Click here to view the observations of Enke’s comet made with the sector in September and October 1811.
The observations of 1811 appear to be the last made with either of the sectors. The one in the eastern dome was removed in 1816 and placed in the ‘spare room’ (RS MS372/170). It was replaced with the Shuckburgh Equatorial which hade been made by Ramsden in 1791 and presented to the Observatory by Shukburgh’s heir in 1811. This instrument is said by Howse (1975) (and repeated by others), that it almost certainly contained parts originally made for the replacement sector that never materialised.
At some point (probably after 1818), The Royal Society committed one of the sectors to the care of John Herschel & James South for use in the construction of a 7-foot equatorial. This instrument was used for a series of observations of double and triple stars between 1821 & 1824 in South’s observatory in Blackman Street. It incorporated the polar axis together with the declination and hour circles from the Greenwich Instrument. (Phil Trans, 1824, p12).
There appear to be no references to observations being made in the west dome from 1811 (when the great comet of 1811 was observed from September though to December), until Enke’s Comet was observed from there in 1828. By then the remaining equatorial sector had been altered to a regular equatorial with, a shorter telescope. It was described by Airy in the 1843 volume of Greenwich Observations as well as those for 1844 and 1845:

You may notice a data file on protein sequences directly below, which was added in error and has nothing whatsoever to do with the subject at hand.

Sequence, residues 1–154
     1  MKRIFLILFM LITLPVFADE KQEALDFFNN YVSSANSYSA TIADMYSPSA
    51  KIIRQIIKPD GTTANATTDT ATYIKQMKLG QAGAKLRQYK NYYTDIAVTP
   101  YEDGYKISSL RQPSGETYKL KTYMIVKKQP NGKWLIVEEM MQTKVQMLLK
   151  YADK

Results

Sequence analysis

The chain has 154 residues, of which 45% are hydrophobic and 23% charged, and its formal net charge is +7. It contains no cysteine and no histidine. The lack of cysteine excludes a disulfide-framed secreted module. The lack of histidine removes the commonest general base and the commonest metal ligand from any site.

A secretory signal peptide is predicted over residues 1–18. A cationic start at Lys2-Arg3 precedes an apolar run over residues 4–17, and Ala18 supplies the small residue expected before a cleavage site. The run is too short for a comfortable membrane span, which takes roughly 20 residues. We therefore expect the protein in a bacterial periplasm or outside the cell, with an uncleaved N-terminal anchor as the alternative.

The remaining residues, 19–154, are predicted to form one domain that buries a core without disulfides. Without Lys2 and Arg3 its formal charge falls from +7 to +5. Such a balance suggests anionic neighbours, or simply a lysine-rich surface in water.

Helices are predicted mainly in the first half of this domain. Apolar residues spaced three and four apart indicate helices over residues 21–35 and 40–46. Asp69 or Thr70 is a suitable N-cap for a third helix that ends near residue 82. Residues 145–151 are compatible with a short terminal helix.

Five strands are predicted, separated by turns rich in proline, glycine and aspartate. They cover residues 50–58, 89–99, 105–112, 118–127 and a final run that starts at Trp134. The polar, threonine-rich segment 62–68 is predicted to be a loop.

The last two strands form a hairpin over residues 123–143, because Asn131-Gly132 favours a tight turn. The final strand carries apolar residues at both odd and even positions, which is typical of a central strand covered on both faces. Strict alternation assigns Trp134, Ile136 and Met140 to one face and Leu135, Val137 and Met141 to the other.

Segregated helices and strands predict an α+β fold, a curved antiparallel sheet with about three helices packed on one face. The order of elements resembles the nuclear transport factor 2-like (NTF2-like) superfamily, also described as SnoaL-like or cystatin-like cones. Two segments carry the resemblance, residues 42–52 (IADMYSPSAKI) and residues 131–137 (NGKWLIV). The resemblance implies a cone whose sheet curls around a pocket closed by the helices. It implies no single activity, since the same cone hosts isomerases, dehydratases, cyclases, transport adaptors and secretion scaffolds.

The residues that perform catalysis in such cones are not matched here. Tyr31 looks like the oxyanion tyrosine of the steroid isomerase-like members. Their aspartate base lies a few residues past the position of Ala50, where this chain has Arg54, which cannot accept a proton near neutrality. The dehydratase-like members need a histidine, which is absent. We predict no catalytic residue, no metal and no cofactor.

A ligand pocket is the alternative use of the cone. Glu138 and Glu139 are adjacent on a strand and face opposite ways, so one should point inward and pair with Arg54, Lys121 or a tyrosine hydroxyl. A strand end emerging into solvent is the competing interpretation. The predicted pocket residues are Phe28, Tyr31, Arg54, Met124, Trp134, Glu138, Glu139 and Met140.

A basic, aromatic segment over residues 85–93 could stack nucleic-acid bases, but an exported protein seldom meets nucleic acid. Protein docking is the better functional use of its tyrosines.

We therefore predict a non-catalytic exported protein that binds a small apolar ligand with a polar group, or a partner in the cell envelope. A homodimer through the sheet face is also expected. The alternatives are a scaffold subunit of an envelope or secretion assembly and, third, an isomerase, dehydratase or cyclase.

This is a small telescope mounted on a long polar axis; the two pivots of the polar axis being at the two extremities of the polar axis, and the pivots of the short declination-axis being both on the same side of the telescope. The length of the polar axis is about 10 feet 3 inches; the diameter of the declination-circle and that of the hour-circle, 2 feet. The subdivision is effected by verniers. The length of the telescope is 2 feet 10 inches; the aperture of its object-glass, 3.5 inches. This is an instrument of an inferior class.
The inventory taken at the visitation of 1824 (RS MS371/70), together with a list of instruments compiled in 1818 (RS MS372/170), and an undated list from about 1823 (RS MS372/171), suggest this conversion took place in 1824 and that the new telescope incorporated the OG from Tulley’s 30-inch telescope in the Great Room. The great comet of 1823 was visible for a few months from the last few days of December. It was observed by John Pond, but only from the Eastern Dome. One might speculate it was the sighting of this comet that prompted Pond to make the instrument in the western dome more serviceable.